Anarchism, Human Nature, and the Rebellion of Christ

In James Marshall’s book Demanding the Impossible: A History of Anarchism, the author utilizes a Taoist view of human nature to summarize anarchist thinking in regard to government:

“Horses live on dry land, eat grass and drink water. When pleased, they rub necks together. When angry, they turn round and kick up their heels at each other. Thus far only do their natural dispositions carry them. But bridled and bitted, with a plate of metal on their foreheads, they learn to cast vicious looks, to turn the head to bite, to resist, to get the bit out of the mouth or the bridle into it. And their natures become depraved.” – Chuang Tzu

Some religions, such as Buddhism and Islam, carry a similar view of a predisposition to goodness within humanity; though with different approaches to life (Islam certainly has no trouble with written law). Many religions place emphasis on human action to achieve the goal of the religion in question (Nirvana, repairing a broken world, devotion to Allah, etc).

It’s hard to view Christianity in this light, given Jesus’ position as God incarnate, as well as the writings of the apostle Paul which Reformers hold high as the proof texts for justification by faith alone (and which are hotly debated in and of themselves). Even amongst more “liberal” theologians, such as the Jesus Seminar, there’s a sense of respect for government and hierarchy in the existing church in spite of their views of Jesus as a peasant revolutionary.

In spite of this, one cannot deny the rebellious nature of the Gospels, the stories of the Acts of the Apostles, and the epistles sent to different churches from Paul, Peter, and John. All of them are subversive in content and tone, not encouraging armed rebellion, but a new way of living that renders oppressive systems such as slavery null and void. They’re direct affronts to any imperial sanction without directly opposing the empire itself (at least not all the time). Every time a Christian said “Jesus is Lord,” in that time period, it was also a way of saying Caesar was not.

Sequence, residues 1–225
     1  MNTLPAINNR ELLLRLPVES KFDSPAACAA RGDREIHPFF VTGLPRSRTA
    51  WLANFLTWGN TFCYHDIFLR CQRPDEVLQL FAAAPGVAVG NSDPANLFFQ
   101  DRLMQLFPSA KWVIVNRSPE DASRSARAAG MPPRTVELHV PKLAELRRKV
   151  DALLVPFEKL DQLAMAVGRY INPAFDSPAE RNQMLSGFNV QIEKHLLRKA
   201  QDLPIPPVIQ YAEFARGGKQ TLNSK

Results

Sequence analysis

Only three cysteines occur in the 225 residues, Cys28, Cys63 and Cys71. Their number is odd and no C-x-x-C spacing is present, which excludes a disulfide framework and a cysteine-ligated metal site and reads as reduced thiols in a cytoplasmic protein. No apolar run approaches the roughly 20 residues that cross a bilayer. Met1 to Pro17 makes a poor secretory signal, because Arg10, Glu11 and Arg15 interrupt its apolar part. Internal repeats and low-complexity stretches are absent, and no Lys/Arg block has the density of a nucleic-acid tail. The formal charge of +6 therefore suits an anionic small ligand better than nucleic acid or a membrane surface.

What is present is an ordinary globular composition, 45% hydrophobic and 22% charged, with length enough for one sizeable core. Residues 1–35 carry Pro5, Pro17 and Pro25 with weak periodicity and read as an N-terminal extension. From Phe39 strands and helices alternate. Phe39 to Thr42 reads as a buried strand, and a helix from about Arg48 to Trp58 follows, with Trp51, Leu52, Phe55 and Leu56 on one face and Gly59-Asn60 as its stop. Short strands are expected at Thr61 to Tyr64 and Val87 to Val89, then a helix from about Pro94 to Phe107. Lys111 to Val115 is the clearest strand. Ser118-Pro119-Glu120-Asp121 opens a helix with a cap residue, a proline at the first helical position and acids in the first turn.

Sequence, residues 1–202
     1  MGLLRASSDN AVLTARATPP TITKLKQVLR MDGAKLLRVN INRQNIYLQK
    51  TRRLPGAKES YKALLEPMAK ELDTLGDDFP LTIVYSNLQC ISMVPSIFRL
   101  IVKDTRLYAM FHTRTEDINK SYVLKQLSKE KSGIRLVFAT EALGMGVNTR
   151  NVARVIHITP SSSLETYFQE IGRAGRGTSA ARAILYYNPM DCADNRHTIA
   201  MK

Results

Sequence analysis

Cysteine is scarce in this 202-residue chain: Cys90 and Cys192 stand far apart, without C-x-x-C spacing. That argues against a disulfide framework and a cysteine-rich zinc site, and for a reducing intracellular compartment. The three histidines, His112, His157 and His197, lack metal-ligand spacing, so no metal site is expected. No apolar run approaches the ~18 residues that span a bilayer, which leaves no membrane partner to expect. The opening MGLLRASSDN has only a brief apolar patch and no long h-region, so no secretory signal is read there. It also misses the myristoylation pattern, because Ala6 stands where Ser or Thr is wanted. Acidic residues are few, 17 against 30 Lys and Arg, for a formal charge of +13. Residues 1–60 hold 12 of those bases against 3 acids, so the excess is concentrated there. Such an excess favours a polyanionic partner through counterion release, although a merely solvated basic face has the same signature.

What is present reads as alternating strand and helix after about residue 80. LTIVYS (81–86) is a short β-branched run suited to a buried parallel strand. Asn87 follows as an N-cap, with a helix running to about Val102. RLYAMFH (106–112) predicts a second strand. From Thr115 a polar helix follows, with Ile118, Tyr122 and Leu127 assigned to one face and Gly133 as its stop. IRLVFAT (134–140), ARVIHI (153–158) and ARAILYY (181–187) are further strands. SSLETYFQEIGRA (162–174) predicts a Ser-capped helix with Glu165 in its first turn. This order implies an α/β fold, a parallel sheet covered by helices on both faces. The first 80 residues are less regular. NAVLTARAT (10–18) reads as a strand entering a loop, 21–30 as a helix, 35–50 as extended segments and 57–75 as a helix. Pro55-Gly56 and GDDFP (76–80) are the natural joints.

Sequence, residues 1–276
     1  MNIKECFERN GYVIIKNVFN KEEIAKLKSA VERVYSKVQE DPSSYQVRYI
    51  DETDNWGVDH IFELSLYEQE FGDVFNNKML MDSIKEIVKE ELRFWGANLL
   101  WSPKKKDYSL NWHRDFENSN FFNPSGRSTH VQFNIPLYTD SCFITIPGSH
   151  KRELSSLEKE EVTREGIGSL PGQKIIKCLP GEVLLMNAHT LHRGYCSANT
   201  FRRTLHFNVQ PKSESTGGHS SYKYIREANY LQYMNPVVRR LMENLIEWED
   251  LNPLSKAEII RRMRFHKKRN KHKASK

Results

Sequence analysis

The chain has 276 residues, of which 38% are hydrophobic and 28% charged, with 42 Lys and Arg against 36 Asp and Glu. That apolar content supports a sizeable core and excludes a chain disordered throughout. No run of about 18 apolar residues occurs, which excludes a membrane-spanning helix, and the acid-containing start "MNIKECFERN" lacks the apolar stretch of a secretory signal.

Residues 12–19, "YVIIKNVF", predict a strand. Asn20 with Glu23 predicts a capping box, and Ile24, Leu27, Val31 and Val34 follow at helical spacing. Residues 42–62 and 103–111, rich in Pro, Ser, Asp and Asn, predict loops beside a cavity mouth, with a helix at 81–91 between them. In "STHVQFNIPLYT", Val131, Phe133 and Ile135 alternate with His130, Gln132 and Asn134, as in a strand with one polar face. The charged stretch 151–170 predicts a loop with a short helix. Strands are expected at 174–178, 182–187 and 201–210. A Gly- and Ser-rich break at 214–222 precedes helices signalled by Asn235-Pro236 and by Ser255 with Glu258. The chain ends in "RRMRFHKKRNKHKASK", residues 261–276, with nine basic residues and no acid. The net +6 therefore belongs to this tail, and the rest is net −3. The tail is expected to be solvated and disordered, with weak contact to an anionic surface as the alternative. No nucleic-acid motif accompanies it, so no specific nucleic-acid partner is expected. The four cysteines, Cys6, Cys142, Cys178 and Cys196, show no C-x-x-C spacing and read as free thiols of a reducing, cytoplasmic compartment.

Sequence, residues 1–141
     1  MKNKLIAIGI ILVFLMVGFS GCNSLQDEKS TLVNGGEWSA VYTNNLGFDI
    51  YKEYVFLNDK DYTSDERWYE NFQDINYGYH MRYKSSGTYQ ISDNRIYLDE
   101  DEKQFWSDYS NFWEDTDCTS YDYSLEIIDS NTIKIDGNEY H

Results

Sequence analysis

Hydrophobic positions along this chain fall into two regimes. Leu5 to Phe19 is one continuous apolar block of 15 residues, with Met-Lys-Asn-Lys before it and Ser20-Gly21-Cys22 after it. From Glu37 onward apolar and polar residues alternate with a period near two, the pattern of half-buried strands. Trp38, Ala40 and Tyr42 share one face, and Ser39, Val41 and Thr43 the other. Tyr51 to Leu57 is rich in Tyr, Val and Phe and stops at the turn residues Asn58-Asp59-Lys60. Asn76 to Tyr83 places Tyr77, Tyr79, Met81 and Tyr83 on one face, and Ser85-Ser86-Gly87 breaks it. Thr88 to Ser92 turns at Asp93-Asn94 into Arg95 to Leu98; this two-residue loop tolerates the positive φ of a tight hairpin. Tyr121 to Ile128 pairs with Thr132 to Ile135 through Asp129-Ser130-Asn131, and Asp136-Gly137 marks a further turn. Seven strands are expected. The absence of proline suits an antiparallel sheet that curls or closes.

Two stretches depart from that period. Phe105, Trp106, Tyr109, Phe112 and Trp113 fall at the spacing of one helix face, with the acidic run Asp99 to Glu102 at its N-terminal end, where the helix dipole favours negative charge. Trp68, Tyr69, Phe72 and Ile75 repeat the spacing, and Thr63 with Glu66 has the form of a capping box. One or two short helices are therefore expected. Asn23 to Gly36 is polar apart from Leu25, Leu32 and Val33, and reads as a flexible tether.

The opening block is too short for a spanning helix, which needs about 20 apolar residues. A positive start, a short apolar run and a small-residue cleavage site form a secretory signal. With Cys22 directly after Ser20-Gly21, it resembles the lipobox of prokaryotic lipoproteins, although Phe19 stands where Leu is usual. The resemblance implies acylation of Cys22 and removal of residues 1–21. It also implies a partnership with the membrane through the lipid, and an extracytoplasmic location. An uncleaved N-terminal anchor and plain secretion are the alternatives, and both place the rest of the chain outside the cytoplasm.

The way of living presented in the Bible, of partnering with the living God to usher in His kingdom on Earth, isn’t accomplished through the imposition of arbitrary rules (the glaring example of Christendom’s failure to achieve a true kingdom of God stands out clearly here) or an uprising of the masses (John 18:36), but through a pattern of voluntary living accomplished through natural means as a result of the movement of the Holy Spirit (Acts 2:42-45). God works within the marginalized and oppressed to bring about not just pop individual spirituality, but true social change.

Some authors have recognized this in the past and in present day, among them Leo Tolstoy, Dorothy Day, Ammon Hennacy, Shane Claiborne, and Jacques Ellul. The anarchist community at large certainly recognizes this, though it’s often with a dismissive tone, as if to say, “Yes, their writings suit my cause, but because they are Christian, I can’t take them completely seriously.” The idea of a deity having to show human beings how to live is offensive to many anarchists, as they view religious hierarchy as reflective of coercive government, the only difference being the presence of a supernatural deity.

I don’t know if I identify as an anarchist. Not entirely, anyways. Being a Christian, I tend to think that people aren’t so great at getting along together without some sort of divine help or rule, but I think that, with that divine help, a government could become unnecessary, even in this lifetime. The living God breathes life into what was once dead, and makes possible that which is even unthinkable, including the absence of a ruling body.

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